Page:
Ways to check the purity of milk | Fusion - WeRIndia

Ways to check the purity of milk

Ways to check the purity of milk

Milk is one of the most common drinks used in the regular diet. Many people start their daily routine by drinking a cup of coffee or tea, for which milk is essential. Milk is also given to children as it is rich in many nutrients.

However, it is difficult to say that the milk you consume is pure. Not just the milk sold by normal vendors, but even by reputed brands may also be adulterated.

Here are some simple but effective ways to check the purity of milk at home:

  • Water is the most common adulterant used with milk. To test if the milk contains water, put a drop of milk on any slanted surface to flow down. If it leaves a trail behind, it shows that the milk is not pure but contains water. Also, if the milk flows freely, it is an indication of water content in it. Pure milk flows slowly.
  • You can also check the taste of milk. The taste of pure milk is sweet. But, if the taste of milk is sour or bitter when you keep it in the refrigerator, it may be an indication of adulteration of milk with detergent and soda. It also may indicate that the milk is not fresh but stale. The presence of detergent in milk can also be known with the formation of lather if the mixture of equal quantities of milk and water is shaken.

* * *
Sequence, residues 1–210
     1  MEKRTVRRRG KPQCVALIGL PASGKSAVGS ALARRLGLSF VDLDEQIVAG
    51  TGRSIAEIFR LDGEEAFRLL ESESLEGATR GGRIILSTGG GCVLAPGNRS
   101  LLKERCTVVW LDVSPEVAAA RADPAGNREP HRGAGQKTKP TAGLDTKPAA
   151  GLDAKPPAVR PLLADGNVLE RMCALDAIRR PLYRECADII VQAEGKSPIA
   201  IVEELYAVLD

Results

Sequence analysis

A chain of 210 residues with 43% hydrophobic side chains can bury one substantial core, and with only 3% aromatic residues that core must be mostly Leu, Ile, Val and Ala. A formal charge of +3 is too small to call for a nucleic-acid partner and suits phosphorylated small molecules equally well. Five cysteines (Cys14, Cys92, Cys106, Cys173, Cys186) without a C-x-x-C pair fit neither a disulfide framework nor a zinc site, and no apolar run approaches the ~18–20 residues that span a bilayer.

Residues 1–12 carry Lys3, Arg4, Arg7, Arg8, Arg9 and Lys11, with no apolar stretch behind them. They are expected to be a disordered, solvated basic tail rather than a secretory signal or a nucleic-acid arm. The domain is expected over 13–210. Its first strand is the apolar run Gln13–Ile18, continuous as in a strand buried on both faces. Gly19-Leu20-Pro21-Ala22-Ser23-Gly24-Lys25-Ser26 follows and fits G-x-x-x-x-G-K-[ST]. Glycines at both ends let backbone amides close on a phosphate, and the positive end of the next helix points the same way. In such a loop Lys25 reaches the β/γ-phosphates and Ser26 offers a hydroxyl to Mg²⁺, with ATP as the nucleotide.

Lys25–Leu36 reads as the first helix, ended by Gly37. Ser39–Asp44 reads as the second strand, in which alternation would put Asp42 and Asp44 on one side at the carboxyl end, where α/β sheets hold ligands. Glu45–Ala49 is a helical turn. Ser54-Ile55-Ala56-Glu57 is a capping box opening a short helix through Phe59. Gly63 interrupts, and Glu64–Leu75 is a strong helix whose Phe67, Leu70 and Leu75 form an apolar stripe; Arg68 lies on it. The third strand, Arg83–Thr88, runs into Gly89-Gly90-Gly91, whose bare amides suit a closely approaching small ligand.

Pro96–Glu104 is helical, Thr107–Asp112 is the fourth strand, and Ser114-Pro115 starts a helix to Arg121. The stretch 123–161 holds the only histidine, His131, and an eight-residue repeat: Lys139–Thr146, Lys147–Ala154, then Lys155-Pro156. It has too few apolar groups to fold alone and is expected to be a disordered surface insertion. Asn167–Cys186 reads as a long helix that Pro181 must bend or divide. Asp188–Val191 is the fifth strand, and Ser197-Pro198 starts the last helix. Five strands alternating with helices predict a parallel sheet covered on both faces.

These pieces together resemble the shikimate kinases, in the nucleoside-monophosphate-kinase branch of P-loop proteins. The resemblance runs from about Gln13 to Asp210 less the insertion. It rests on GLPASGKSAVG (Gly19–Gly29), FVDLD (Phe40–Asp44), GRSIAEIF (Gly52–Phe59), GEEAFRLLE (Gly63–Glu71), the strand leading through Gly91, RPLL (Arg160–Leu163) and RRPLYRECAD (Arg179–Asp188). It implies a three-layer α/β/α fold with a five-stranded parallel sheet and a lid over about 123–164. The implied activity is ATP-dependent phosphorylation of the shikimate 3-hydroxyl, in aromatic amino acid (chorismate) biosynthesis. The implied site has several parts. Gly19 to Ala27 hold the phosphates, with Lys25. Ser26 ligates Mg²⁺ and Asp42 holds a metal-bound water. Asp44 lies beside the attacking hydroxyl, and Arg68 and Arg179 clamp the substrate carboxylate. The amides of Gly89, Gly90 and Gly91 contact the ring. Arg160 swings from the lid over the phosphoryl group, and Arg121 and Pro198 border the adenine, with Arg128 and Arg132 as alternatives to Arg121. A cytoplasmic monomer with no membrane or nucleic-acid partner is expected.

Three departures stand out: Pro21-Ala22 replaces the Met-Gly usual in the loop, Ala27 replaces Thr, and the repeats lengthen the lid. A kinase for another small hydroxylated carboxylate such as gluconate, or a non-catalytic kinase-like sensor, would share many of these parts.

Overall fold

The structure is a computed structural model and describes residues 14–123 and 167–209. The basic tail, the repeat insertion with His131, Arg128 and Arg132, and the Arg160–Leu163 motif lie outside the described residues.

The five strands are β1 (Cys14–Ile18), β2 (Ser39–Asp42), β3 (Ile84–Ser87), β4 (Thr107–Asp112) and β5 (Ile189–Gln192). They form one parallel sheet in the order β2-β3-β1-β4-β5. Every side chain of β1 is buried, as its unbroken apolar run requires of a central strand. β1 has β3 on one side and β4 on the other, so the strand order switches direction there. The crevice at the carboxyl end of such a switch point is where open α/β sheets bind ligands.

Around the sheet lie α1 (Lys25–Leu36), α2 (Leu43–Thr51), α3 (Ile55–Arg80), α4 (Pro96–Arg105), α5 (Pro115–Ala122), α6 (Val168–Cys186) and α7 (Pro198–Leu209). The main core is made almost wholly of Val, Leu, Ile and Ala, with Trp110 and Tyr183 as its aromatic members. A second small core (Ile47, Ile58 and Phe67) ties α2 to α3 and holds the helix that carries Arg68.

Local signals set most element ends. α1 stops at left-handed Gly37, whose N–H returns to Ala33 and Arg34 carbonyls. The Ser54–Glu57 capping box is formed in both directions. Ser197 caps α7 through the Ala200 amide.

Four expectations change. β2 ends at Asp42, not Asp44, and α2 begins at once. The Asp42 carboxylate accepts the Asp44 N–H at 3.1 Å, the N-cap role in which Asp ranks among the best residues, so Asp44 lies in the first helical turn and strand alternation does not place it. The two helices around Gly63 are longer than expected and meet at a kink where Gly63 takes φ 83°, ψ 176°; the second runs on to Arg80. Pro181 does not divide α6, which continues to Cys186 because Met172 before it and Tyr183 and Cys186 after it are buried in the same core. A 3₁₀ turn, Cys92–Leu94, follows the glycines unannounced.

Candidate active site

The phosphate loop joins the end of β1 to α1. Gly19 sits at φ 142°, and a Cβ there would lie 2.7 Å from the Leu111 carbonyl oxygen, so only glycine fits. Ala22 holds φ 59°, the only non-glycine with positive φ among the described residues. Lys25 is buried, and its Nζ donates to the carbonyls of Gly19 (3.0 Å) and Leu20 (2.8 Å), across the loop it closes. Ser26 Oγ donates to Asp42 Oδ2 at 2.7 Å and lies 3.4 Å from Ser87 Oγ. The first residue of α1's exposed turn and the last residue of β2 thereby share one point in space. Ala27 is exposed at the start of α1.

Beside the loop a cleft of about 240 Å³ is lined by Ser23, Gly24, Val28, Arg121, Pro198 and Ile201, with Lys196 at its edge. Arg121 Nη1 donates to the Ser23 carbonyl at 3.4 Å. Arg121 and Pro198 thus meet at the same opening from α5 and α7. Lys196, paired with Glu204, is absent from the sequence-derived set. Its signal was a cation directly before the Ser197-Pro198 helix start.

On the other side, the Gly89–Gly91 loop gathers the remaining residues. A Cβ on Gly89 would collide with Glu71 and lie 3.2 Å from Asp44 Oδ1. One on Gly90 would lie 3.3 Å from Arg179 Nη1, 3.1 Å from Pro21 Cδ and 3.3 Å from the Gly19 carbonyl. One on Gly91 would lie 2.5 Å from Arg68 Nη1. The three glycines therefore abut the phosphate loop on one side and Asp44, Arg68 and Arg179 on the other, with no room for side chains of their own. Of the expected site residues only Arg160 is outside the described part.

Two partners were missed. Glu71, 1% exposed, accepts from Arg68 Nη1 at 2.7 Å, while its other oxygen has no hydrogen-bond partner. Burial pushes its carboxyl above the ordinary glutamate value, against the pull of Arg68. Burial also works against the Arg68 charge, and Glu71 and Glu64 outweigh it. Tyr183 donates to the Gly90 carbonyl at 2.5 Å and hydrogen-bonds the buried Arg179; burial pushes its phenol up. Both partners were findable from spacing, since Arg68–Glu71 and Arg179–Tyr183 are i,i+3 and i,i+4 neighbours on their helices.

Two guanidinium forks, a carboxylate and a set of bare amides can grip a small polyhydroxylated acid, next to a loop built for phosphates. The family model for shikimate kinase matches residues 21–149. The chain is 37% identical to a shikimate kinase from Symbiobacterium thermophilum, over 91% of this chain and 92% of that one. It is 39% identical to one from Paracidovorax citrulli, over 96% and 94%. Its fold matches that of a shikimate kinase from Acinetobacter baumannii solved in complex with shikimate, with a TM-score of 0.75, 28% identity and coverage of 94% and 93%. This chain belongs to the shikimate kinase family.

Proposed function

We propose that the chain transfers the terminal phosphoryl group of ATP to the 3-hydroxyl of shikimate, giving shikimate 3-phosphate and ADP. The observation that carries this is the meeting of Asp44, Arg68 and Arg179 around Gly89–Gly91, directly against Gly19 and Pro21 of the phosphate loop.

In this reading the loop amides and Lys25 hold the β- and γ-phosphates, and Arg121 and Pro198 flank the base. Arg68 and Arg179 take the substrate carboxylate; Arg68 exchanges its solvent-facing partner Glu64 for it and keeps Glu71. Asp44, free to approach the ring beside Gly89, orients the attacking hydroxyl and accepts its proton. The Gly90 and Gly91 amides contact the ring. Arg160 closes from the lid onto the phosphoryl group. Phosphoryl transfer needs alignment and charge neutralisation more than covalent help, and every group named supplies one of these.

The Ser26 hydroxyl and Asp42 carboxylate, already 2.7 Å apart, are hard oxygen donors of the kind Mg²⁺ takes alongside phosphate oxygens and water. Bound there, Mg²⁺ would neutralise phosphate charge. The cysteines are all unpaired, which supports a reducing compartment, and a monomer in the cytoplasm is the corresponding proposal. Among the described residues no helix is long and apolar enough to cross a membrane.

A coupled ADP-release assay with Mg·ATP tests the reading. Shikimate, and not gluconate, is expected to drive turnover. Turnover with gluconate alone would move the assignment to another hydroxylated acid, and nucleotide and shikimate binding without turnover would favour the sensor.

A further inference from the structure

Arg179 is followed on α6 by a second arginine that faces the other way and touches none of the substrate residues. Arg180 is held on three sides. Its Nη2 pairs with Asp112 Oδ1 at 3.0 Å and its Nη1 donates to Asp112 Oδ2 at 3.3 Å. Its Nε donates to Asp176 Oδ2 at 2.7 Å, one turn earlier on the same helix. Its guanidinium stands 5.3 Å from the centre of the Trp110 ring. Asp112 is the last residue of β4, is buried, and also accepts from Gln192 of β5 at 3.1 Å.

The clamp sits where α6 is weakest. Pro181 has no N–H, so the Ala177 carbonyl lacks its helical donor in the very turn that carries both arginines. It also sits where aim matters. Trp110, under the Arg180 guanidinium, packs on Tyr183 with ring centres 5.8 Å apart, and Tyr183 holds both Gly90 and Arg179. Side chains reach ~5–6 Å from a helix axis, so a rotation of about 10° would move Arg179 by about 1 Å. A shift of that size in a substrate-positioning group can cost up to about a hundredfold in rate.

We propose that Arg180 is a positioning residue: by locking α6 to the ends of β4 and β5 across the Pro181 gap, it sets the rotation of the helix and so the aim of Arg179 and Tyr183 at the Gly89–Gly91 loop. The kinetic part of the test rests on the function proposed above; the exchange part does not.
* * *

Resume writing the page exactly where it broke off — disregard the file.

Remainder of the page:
• To check urea content in the milk, add one teaspoon of soybean or pigeon pea powder to one teaspoon of milk and shake well. Insert a red litmus paper. If it turns blue, it indicates that the milk contains urea.
  • Add two tablespoons of salt or iodine to 5mil of milk to know the starch content in the milk. The mixture turns blue to show that it has starch.
  • Several milk selling companies add formalin to preserve it for a long time. Add 2-3 drops of sulphuric acid to 10 ml of milk in a test tube. If you see a blue ring, it is an indication of formalin.

Now that you have known the ways to check the purity of milk at your home, use them and buy fresh and pure milk.


Image by Simi from Pixahive (Free for commercial use / CC0 Public Domain)


Image Reference: https://pixahive.com/photo/milk/

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